Harnessing the Cloud for CAD: The Case for Virtual Workstations, Part 316 Aug, 2017 By: Alex Herrera
Once you’ve decided to bring cloud-hosted virtual workstations into your workflow, you’ll need to tackle a host of additional decisions about platforms, providers, and instances.
Making the choice to move your company’s workstations to the cloud, whether completely or partially, is a critical IT decision. (For more on this topic, read the first two installments of this series.) Deciding to make the jump to the cloud, however, is just the start of the process. To secure the right cloud solution, you’ll need to address an additional set of questions and decisions, with answers and choices that will vary from business to business.
Cloud technologies and infrastructure continue to evolve rapidly, but today the majority of the cloud runs on the physical infrastructure of a trio of providers: Amazon Web Services (AWS), Microsoft Azure, and Google Cloud. Even if you’re planning to use a third party as your front-end platform, and therefore you won’t be a direct customer of one of these companies (or a similar owner of physical cloud infrastructure), chances are that third party has built its environment on top of one of a handful of top-tier cloud providers (read on for more on third-party options).
Some of the cloud resources provided by AWS, Microsoft Azure, and Google Cloud are geared more toward offloading high-performance compute jobs, but increasingly, the three are eyeing desktops-as-a-service (DaaS or virtual hosted desktops) as a prime market opportunity. And a subset of those virtual hosted desktops are now exploiting workstation-class GPU hardware and drivers, making them worthy of the name virtual workstations.
A Menu of Virtual Models
When vetting providers and their workstation-class virtual desktop offerings, prospective customers should explore a range of criteria, but chances are they will start with the chief concerns they likely have when shopping for a conventional deskside or mobile workstation: features and performance. The instances a cloud provider offers in virtual workstations — essentially, the models they make available for use — are a critical factor when evaluating features and performance. After all, if you’re going to replace a designer’s most trusted tool, the replacement had better at least be comparable in capabilities to what you can find in a traditional form.
Virtual workstation instances are defined by the same basic set of specifications as their traditional, physical brethren: how many CPU cores and GPU resources are allocated to your virtual machine, along with the amount of memory and persistent storage. Because the cloud server’s physical resources may be shared/virtualized across multiple hosted machines, rather than reflecting a static level, these specs indicate the minimum level of resources your machine will have available once provisioned. And typically, users can drop one machine and spin up another, whenever needs warrant it.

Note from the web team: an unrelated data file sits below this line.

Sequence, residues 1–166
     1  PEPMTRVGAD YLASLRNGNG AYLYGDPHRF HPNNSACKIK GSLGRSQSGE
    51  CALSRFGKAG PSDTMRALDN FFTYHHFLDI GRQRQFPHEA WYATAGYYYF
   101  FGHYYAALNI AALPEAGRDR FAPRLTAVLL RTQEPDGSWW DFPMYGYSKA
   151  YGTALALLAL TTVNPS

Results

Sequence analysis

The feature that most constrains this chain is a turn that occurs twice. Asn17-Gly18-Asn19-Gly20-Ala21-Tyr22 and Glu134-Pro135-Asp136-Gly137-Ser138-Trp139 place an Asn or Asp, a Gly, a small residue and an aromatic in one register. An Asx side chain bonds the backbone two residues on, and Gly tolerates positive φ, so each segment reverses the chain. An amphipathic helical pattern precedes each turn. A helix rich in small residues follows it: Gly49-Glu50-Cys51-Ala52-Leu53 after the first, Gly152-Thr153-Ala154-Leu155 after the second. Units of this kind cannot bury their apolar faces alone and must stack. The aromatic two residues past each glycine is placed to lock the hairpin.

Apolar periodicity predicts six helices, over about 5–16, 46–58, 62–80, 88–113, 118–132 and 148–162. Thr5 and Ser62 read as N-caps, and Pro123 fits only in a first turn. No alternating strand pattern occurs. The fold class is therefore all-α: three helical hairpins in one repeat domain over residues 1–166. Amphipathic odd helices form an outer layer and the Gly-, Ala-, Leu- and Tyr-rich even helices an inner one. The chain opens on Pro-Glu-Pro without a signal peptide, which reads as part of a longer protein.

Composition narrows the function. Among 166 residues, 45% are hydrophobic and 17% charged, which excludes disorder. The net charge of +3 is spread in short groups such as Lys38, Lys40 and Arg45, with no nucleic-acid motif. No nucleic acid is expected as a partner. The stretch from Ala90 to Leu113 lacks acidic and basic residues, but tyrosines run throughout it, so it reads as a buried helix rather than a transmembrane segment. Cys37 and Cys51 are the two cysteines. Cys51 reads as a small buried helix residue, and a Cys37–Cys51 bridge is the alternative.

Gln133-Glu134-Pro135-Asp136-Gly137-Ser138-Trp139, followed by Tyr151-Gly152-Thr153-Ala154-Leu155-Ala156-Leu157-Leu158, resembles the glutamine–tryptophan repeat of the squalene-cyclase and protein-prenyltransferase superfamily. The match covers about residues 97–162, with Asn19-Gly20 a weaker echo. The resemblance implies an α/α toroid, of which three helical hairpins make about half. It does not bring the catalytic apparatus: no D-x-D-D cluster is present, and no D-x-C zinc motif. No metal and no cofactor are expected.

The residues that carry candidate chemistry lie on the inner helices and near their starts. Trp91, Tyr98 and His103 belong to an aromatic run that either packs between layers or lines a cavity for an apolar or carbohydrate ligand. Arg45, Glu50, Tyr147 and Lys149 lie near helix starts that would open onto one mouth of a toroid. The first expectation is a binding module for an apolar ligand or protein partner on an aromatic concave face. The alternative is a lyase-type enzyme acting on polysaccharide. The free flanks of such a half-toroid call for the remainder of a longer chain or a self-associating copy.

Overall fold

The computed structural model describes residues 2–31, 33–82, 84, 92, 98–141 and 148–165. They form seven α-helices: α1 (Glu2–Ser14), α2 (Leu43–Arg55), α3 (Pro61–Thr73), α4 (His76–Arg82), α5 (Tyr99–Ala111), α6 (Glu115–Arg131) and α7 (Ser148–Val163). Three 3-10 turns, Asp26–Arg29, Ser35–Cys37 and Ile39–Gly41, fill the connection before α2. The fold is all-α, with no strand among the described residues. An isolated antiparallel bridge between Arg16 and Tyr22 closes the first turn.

To get a sense of what’s available out there for CAD-oriented visual workloads, let’s take a tour through what the “big three” are offering today. Somewhat ahead of the curve, Azure has been arguably the most aggressive in creating and marketing cloud-hosted workstations for professional applications, especially in CAD-oriented markets. Azure’s most recent GPU-accelerated instances are labeled with “NV” plus the number of CPU cores (Intel Xeon E5-2690 v3) allocated to the instance: NV6, NV12, and NV24.
These instances offer impressive workstation-caliber specifications, with even the entry-level option beyond what most would configure in a conventional deskside machine. Memory and storage run from about 56 GB and 380 GB SSD, respectively, for the NV6 up to 224 GB and 1.5 TB in the NV24. For graphics, the NV6 allocates half of an Nvidia Tesla M60 server card, essentially giving the virtual machine dedicated access to a single GPU with performance somewhere between the Quadro P4000 and P2000 (two of the company’s deskside workstation–focused GPUs).
Azure’s heavily equipped instances illustrate one of the advantages of going to the cloud: the ability to rent a workstation like the NV24 instance that virtually no CAD user could ever justify buying for their desk. A traditional deskside configured to the level of the NV24 would run close to $20,000, and would be overkill for the vast majority of tasks. So no, you’re not buying one as your permanent machine, but it certainly would be handy to switch to one at a moment’s notice to crank through the occasional peaks in demand.
Microsoft Azure’s GPU-accelerated workstation-caliber instances. Table courtesy of Microsoft Azure.
Amazon Web Services (AWS), by far the largest of the trio, is steadily dialing up its virtual workstation hosting capabilities as well, recently announcing its G3 GPU set of graphics instances as part of its EC2 offerings. The three G3 instances closely track Azure’s — based on the similar Xeon CPUs and Tesla M60 cards, with the identical allocation of GPUs to instances — but with even larger memory provisioning.
Amazon Web Services’ GPU-accelerated workstation-caliber EC2 G3 instances. Table courtesy of AWS.
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About the Author: Alex Herrera
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